4 Tips for Identifying an Employer’s Work-Life Balance

 Marketing Director   October 12, 2021  Career Transitions

Mother and daughter work side by side from home

In any career transition, it’s important to keep in mind the work-life balance that you will (or won’t) have with your potential employer. In addition to your home life, work-life balance is associated with stress levels and the quality of the relationship that you have with your boss.

While some work-life factors are self-determined and can be changed during the quest for it, many are directly influenced by workplace culture and policies.

Here are four tips to help identify the work-life balance at potential employers’ workplaces.

Before you apply

1. Find the official policies

The human resources website is a good place to start looking for official policies that will impact work-life balance. Formal benefits, like flex scheduling, personal and/or dependent sick leave (in addition to vacation time) as well as paid parental leave, all suggest that the employer places value on their employees. The extension of these policies to postdocs indicates how far this value extends.

Consider also evaluating institutional and departmental code(s) of conduct or ethics, paying special attention to their stance on workplace harassment. Boilerplate language that doesn’t provide clear definitions, processes for addressing these concerns, or protections beyond the legal minimum is not a good sign.

Whether or not you’re interested in having (or already have) children, carefully review the benefits and support for working parents; these are indicators of how well employees are supported through difficult life periods.

2. Compare employer policies and practices.

There are many websites with crowd-sourced, usually unofficial, information about employers. Glassdoor features reviews from current and previous employees, while FairyGodBoss features reviews written for women by women. Maybrooks has a family leave policy database sourced from women employees, which would complement the leave info reported on List Your Leave.

Even if all the official boxes seem to be checked, particularly large employers (e.g., universities) can have extreme workplace culture differences between smaller working units like programs and departments. This is where you get a chance to put your social media to good use. Select a few current members of the workplace (include your potential boss and some lower-ranking positions) and find their feeds. Frequent venting about coworkers and/or working on weekends and holidays isn’t a good sign. Neither is an absence of posts about their non-work lives.

It may also be helpful to figure out how many (if any) potential coworkers have stay-at-home spouses. Again, even if you aren’t interested in children, there are still day-to-day non-work responsibilities that must be managed in addition to work. A prevalence of stay-at-home spouses among potential coworkers suggests that they don’t have the time or flexibility for non-work necessities.

Consider also conducting informational interviews with current and/or former employees. Questions about day-to-day expectations, management styles, and support during the pandemic could all yield valuable information about the work-life balance at your potential employer.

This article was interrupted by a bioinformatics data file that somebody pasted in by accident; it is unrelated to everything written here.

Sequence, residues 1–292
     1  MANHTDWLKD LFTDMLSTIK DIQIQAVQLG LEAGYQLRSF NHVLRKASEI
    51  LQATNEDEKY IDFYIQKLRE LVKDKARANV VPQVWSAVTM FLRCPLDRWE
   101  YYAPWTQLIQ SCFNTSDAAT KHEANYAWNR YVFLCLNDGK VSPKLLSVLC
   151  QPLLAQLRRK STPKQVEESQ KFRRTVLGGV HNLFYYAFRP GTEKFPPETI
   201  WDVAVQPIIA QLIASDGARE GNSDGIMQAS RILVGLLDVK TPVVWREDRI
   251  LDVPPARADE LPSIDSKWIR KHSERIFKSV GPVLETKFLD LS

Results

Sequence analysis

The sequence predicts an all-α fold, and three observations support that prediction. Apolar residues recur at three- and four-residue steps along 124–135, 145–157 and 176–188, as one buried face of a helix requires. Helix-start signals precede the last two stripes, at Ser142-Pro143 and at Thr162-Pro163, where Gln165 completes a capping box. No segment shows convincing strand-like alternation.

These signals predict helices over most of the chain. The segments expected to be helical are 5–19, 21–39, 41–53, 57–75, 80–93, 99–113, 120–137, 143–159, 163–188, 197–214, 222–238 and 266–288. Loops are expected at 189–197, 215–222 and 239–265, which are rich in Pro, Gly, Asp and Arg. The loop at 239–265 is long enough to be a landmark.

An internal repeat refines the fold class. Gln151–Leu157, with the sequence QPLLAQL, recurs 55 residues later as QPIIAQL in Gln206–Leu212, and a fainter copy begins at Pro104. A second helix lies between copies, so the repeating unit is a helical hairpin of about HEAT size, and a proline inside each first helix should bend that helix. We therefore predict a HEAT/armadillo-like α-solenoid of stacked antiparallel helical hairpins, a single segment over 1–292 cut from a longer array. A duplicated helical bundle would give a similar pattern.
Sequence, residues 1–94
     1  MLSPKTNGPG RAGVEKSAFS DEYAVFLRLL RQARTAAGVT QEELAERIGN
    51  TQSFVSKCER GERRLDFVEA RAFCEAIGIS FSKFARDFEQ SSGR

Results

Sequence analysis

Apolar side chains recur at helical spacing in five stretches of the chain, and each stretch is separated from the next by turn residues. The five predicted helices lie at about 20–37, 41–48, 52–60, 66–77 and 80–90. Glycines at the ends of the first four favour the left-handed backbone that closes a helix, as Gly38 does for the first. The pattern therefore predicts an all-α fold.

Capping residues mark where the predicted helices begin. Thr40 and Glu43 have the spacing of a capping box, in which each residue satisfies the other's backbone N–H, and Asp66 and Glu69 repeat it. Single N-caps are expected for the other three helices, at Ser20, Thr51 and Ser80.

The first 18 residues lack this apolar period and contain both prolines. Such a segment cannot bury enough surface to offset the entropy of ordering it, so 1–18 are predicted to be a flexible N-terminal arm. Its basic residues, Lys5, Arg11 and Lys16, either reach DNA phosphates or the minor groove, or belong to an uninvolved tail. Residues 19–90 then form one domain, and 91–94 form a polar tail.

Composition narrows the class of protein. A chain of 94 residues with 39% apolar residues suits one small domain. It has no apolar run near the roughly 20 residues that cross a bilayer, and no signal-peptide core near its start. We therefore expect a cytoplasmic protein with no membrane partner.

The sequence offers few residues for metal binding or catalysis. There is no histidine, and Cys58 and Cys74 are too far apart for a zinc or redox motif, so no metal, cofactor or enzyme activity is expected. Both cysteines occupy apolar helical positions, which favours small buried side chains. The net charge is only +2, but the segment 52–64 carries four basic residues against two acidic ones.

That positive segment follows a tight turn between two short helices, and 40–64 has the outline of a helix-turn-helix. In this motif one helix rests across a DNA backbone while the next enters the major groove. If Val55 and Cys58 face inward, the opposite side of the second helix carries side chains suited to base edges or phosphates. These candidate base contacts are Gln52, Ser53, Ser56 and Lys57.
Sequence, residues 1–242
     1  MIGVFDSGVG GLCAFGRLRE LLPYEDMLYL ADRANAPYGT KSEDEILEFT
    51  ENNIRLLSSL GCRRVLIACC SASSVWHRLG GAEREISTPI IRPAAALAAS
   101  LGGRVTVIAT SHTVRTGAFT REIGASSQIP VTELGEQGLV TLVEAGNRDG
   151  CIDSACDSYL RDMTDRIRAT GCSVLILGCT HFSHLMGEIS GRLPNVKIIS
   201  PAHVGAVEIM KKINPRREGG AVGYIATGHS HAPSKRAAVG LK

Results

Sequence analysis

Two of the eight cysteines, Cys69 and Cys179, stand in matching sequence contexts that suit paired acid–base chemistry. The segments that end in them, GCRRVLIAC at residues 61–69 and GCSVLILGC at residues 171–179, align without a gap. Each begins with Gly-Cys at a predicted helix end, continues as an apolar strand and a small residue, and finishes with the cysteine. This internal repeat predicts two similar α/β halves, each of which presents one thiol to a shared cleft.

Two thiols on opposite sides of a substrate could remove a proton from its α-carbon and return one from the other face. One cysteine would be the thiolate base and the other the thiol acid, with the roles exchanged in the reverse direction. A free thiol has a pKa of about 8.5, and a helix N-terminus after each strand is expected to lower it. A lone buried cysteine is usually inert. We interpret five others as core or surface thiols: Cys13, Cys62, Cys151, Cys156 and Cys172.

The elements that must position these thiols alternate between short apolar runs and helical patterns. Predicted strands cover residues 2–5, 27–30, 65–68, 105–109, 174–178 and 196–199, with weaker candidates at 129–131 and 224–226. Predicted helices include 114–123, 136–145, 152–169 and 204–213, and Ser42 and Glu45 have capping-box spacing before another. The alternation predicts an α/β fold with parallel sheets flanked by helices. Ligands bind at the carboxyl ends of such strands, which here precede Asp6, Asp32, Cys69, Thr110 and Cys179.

During the interviews

3. Listen for keywords.

Many job candidates, particularly women, are weary of family-related questions during interviews. To get a sense of work-life balance, consider asking related questions where the respondent might volunteer such information. Before the interview, identify some keywords that would indicate a positive or negative workplace culture, and listen for them in response to your queries. An absence of positive keywords and/or an abundance of negative keywords should lead you to reconsider this employer.

4. Evaluate the physical workplace.

Actions speak louder than words; the workplace speaks louder than policies. The appearance and overall vibe of a workplace can speak volumes about workplace culture and the potential for a good work-life balance. At the end of an interview, ask for a tour; it’s a reasonable request even for remote interviews. As you browse the office, look for evidence of a life outside of work, dedicated rooms for moms who pump, and compare how busy the workplace is to the time of day. If you schedule an interview early or late in the day, evaluate how full (or empty) the office is when it begins or ends, respectively. Aseptic or sterile workspaces suggest that homelives (and thus, work-life balance) don’t have a place at work. An abundance of photos or cultural items, however, suggest that employees feel comfortable bringing their homelife to work.

When you decide

Remember, “an organization that truly cares for its team members will never penalize employees for prioritizing work-life balance.” Don’t feel guilty, apologetic, or ashamed for turning down a job offer with an employer that doesn’t seem to meet your work-life balance needs.

About the Author:  Dr. Ada Hagan is a microbiologist with a passion for making science accessible. In 2019, Dr. Hagan founded Alliance SciComm & Consulting, LLC as a means to use her strong background in communications and higher education to help make scientific concepts more easily understood and make the academy more inclusive to future scientists from all backgrounds. Her writing and research have been featured by BBC Radio 4, Science Careers, The Scientist, Massive Science, and the American Society for Microbiology.